Submitted to: Book Chapter
Publication Type: Book / Chapter
Publication Acceptance Date: August 25, 2006
Publication Date: July 17, 2007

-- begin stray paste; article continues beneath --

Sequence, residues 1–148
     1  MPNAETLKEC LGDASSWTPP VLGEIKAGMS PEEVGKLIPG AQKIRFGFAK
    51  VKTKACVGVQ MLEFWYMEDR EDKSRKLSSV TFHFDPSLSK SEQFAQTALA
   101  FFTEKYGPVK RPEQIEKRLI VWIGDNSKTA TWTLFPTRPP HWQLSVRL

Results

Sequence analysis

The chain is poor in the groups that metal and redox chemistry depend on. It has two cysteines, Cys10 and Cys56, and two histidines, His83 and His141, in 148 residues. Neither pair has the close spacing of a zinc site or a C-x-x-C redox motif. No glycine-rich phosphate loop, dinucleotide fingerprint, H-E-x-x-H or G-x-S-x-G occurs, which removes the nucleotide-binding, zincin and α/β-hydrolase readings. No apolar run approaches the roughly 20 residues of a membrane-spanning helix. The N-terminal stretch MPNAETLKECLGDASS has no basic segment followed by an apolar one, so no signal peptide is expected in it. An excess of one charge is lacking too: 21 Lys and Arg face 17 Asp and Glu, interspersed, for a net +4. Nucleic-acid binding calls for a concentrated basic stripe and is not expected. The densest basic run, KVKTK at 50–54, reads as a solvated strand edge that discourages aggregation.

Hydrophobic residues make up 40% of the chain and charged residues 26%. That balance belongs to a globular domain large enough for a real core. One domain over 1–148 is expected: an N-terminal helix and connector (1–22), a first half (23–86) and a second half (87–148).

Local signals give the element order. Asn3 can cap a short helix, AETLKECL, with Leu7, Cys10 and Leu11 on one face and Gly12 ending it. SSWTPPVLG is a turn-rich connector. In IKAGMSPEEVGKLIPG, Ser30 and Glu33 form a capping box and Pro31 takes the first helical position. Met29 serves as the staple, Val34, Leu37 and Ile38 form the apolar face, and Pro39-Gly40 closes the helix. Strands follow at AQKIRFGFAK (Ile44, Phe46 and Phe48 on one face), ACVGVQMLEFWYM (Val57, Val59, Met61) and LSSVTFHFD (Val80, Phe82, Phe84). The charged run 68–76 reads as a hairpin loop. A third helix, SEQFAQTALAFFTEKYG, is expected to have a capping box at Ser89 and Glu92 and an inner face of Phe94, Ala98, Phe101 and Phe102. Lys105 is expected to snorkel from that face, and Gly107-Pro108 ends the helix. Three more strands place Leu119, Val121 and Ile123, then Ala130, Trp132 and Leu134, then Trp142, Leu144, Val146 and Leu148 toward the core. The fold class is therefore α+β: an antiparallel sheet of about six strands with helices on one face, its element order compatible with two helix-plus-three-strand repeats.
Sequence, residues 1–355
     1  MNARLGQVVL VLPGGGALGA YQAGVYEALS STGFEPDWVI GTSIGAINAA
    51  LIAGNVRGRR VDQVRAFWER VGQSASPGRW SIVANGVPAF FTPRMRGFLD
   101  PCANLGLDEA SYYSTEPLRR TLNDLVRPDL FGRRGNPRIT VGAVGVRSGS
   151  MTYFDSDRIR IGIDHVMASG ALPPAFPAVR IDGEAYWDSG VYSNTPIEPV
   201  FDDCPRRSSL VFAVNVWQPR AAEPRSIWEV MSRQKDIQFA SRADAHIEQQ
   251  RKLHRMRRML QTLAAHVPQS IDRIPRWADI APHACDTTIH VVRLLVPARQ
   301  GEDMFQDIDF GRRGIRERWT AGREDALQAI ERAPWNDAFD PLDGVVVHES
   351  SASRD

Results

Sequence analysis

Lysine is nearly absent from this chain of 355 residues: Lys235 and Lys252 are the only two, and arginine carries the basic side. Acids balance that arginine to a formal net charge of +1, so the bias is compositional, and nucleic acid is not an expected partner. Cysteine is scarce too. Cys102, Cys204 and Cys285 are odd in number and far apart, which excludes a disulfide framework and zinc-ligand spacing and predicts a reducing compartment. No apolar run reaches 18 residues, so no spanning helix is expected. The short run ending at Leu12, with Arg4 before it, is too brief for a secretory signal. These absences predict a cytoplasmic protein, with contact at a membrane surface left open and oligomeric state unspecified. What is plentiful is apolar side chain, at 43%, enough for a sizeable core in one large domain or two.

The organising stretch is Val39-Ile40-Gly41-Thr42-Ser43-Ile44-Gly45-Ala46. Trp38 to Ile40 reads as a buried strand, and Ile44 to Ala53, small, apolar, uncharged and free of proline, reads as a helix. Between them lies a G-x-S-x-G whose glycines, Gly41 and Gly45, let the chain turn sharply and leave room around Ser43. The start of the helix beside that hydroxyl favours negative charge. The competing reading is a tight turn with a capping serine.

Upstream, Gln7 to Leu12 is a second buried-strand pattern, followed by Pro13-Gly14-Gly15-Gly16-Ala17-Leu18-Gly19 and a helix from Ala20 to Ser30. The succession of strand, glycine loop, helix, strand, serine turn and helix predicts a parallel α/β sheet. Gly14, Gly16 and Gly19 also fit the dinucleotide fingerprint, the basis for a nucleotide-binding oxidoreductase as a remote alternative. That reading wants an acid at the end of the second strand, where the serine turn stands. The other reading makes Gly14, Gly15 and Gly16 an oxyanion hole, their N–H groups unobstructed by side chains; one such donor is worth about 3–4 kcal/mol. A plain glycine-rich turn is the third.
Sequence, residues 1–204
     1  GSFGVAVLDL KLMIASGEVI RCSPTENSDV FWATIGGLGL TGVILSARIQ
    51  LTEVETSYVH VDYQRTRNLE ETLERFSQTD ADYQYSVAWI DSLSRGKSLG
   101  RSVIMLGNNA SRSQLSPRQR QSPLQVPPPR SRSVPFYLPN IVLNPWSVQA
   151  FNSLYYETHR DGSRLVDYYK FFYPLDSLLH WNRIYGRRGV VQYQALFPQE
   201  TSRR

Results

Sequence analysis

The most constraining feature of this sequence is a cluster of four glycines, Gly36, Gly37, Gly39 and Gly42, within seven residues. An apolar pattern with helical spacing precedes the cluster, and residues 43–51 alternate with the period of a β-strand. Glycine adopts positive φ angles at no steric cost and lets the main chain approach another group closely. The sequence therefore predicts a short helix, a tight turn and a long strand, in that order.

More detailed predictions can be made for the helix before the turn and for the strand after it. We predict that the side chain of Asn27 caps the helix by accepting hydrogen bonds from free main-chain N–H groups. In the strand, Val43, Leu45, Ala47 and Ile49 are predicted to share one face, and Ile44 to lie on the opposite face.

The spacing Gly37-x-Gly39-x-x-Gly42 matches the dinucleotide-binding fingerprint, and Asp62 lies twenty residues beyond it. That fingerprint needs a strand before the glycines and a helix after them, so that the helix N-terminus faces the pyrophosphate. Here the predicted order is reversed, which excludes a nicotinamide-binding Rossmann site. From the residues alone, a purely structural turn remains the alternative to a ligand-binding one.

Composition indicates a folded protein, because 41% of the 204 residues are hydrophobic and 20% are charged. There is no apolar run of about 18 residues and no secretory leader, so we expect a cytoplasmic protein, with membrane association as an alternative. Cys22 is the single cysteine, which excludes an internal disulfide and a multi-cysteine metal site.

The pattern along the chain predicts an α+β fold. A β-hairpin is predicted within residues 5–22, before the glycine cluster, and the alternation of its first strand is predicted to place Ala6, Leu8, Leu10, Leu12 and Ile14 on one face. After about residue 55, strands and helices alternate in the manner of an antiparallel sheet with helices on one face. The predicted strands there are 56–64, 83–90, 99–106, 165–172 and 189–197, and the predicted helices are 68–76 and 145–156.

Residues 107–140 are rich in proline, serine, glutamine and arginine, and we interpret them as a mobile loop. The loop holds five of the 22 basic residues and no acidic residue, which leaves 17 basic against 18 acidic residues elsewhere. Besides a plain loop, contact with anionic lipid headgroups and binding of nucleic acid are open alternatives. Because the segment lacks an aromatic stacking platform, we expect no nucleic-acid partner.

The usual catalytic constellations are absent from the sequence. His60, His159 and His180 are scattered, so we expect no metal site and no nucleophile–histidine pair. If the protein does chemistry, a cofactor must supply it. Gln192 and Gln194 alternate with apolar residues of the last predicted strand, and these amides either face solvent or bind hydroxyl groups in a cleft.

Citation: Lulai, E.C. 2007. Skin-set, Wound-Healing, and Related Defects. In: Vreugdenhil, D., Bradshaw, J., Gebhardt, C., Govers, F., MacKerron, D.K.L., Taylor, M.A., Ross, H.A. Potato Biology and Biotechnology: Advances and Perspectives. 1st Edition. Amsterdam. Elsevier. p. 471-500. Technical Abstract: The physiology and biochemistry of resistance and susceptibility to tuber skinning/excoriation wounds, wound-healing and wound-related defects are of global importance because of the magnitude of the resulting food and financial losses. Wound related losses are difficult to determine because of the large range of associated infections, bruise defects, water vapor loss and various quality issues. Collectively, minor to serious wounding/bruising can average 40%, resulting in huge financial losses and the creation of contracts with incentives to reduce these wound-related losses. Many rot type diseases found in stored potatoes gain entry through wounds that did not heal quickly. This chapter is intended to cover important physiological and biochemical research that impacts these costly wound related issues. Skinning wounds are difficult to control during harvest unless the tuber periderm has matured so that the skin is set and resistant to excoriation. The physiology of tuber skin-set, i.e. resistance to skinning/excoriation injury, is only beginning to be studied. The structure of tuber periderm and maturational changes that result in resistance to tuber skinning injury are of central importance in developing physiological approaches to enhance skin-set and reduce associated losses; the current status of this research area is summarized. The process of wound-induced suberization to heal skinned, cut, and so called bruised areas covers a vast research plane. The induction and regulation of suberization, composition, biosynthetic pathways and macromolecular assembly, and molecular structure of suberin are not fully known. Consequently, suberin is somewhat of an enigma that is often misunderstood and poorly described in conjunction with wound-healing and wound-periderm development; the plane of suberin research is summarized including what is currently considered appropriate terminology and description of suberin. Various wound-related defects are described and discussed.